In hindsight, just as I shifted my local adventures stories from email distro to my blog, I think a siprnet blog would be a great avenue for sharing those lessons learned emails and putting them in a place in cyberspace where someone can do a search and find lessons learned about the next mission you've been assigned. For example, the one-on-one / point-to-point comms I've shared with the Augusta on decom lessons learned could have been posted to a blog. In that format, guys on future boats in decom could find and read these insights and lessons learned even after I'm long gone and the boat is being sliced up in Bremerton.

Okay, so there's some sort of Navy and Lessons Learned Database out there. The current lessons learned messages out there (like port visit lessons learned) are sterilized and formal, record message traffic type of stuff approved by the CO, and it'll have the ship's name on it. If it's fairly recent, then you could contact that boat and ask any questions that come to mind, but after a year or so when the key players have PCS'ed elsewhere, that ship will have lost that corporate knowledge of that event. The blog offers the advantages of offering frank, candid observations (be careful, I realize that can go to the other extreme, too), and more importantly, the blog would continue to be linked to me personally even after I transfer to other commands. A few years from now if someone reads my blog about decom and has a question about it, after reading my blog posts on the topic, they could email me directly for follow-up questions later on down the road.

I suspect nothing I'm saying here is new or unique. From what little I know about the academic discipline of "knowledge management" (KM), these are exactly the big picture objectives of KM.

In any case, maybe DoD should hire Google or some other big name company to start a Blogger-like site on the siprnet.

Oh wait... then again... someone thought hiring a big company to manage all the Navy and Marine Corps' computer systems was a good idea, and look what that got us.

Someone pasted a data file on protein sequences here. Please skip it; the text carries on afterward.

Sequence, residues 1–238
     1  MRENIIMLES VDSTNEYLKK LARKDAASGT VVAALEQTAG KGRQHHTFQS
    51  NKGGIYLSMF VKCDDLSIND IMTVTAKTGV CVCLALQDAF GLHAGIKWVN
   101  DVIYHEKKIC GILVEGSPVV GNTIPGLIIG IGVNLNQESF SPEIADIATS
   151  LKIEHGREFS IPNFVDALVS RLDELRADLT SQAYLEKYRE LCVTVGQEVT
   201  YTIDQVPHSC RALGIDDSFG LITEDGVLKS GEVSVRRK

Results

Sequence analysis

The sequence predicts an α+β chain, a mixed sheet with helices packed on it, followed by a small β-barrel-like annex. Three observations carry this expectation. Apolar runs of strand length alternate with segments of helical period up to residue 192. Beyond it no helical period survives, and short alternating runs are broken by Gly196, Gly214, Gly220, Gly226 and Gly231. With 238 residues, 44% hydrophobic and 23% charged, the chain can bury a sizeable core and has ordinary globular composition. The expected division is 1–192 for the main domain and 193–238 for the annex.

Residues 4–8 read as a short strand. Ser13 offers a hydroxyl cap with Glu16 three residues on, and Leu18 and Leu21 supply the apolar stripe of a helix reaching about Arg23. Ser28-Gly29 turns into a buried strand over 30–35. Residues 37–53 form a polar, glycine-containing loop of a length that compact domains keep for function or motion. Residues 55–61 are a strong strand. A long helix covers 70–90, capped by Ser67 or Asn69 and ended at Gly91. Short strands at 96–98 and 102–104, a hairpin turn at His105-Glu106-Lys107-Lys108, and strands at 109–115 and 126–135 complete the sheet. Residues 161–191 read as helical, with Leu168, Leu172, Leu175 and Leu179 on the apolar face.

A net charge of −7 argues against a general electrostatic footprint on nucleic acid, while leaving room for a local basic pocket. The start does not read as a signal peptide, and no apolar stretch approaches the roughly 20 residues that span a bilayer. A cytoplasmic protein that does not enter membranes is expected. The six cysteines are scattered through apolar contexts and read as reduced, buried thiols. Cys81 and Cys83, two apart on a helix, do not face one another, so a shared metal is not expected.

1 comment:

Chap said...

Yeah, BTDT. First was GEN Cartwright and STRATCOM, where they talked about 'blogs' all the time on something called SKIWeb--but it was an old guy getting fed stuff from a government contractor and they didn't even understand the meaning of the word 'blog' when they bandied it about. Painful.

If you look at Intelliweb, blogs have been up for a while. They aren't *good* software--again, made by a military contractor rather than ganking WordPress or whatever--but they are not too hard for a total n00b to use. Lots of junior enlisted on the midwatch doing entries that will likely get them a chewing once anybody notices them--meaning I learned a lot about what their job is about. Sturgeon's Law applies here--there are some really good ones on there.

Biggest problem I had with the blogs on SIPR, besides the creaky software, was the lack of portability. I'm now in one of those jobs where there's one vault on base with a SIPR hard drive if I ever had the time to figure out how to access such a blog now that my old email account from the previous command is gone--and I'll have to restart any of that from scratch if I get to a command that has it on the desk like most sub commands.

Oh, and the drydock thing? Substitute "war" for "drydock" and you'd still be right...